I was reading an interesting story on Circa earlier today and thought that I should try adding their news to my river. Unfortunately they don't appear to have feeds. They have a myriad of other ways to follow them, but RSS is not one of them. I looked in the HTML source, in case the option was there, just not offered through the UI. It wasn't.
To me, subscribing to a feed is a commitment, but a small one. If the feed provides too much uninteresting stuff, it's easy for me to unsub. So when I see an interesting source, I usually will add it to my input flow and see what I get. I did that the other day with the New Yorker, when they dropped their firewall. I often do it for blogs I find an interesting post on.
I often point to stories I find interesting in my Twitter stream, and in my linkblog feed. I don't have a huge number of followers, compared to some, but a good story could get a few hundred reads from people who follow me.
However if I never see the story the chances of me pushing a link to it are close to zero. The only way I saw the link to today's story was by chance in the flood of stuff that comes at me via Twitter.
I wanted to up the level of commitment to Circa from near-zero to something not insignificant. Their answer was sorry, we can't let you do that. (I infer this because there's no way a tech-informed pub like Circa never considered having RSS feeds, they must have decided for whatever reason not to have them.)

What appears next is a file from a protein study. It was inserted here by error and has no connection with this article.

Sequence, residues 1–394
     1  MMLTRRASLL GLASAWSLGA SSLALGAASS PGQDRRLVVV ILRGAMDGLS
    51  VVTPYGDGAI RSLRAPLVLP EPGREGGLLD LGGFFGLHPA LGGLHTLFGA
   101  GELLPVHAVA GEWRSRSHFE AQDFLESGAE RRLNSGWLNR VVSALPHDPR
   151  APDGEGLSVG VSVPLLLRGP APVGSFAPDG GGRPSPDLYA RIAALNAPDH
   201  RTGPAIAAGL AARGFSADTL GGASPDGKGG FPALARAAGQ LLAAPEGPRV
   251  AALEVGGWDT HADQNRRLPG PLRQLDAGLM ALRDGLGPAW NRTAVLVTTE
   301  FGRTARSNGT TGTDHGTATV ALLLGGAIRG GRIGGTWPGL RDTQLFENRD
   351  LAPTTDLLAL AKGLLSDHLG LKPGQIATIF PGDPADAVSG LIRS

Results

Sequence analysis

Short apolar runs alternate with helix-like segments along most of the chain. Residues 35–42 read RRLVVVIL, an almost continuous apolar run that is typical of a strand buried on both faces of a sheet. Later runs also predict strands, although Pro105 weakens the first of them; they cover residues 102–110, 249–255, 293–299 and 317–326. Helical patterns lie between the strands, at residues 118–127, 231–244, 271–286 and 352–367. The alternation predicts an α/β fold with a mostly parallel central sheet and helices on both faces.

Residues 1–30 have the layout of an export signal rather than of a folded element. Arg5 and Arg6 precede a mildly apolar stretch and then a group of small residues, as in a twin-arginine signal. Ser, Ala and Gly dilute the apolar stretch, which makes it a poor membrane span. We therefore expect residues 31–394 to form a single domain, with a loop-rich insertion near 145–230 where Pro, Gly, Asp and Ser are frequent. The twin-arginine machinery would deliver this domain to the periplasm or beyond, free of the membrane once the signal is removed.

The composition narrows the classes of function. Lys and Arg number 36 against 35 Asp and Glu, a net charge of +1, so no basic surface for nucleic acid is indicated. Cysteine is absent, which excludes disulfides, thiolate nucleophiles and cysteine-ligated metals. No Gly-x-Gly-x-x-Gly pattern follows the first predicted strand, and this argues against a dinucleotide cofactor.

I think they're overlooking something that's almost no cost to them and has a significant upside.
Matt Galligan is CEO of Circa. He wrote a post, on Medium, that explains why they don't have feeds, at this time.
I think he's over-thinking it. An item in an RSS feed is an ad that says come here and read more if you're interested. Earlier today I never would have known they had an article about a blogger being jailed in China for "rumor mongering" if I hadn't seen it linked to on Twitter, by Circa. Once I knew the article was there, I clicked and read it. If they have added stuff to it since I would have no way of knowing because Twitter, where I read the link, doesn't have that ability. Which is exactly how RSS works.
If they're ready to share links via Twitter, then imho they're ready to share them via RSS. We've been doing this so long, I don't believe that some magic answer is going to jump out that's going to make all the things Matt wants to do with RSS obvious how to do. It's basically Twitter, without the big company in the middle. Keep it simple.
Also, please get a blog, and use it. Why are you driving traffic to Evan Williams' site?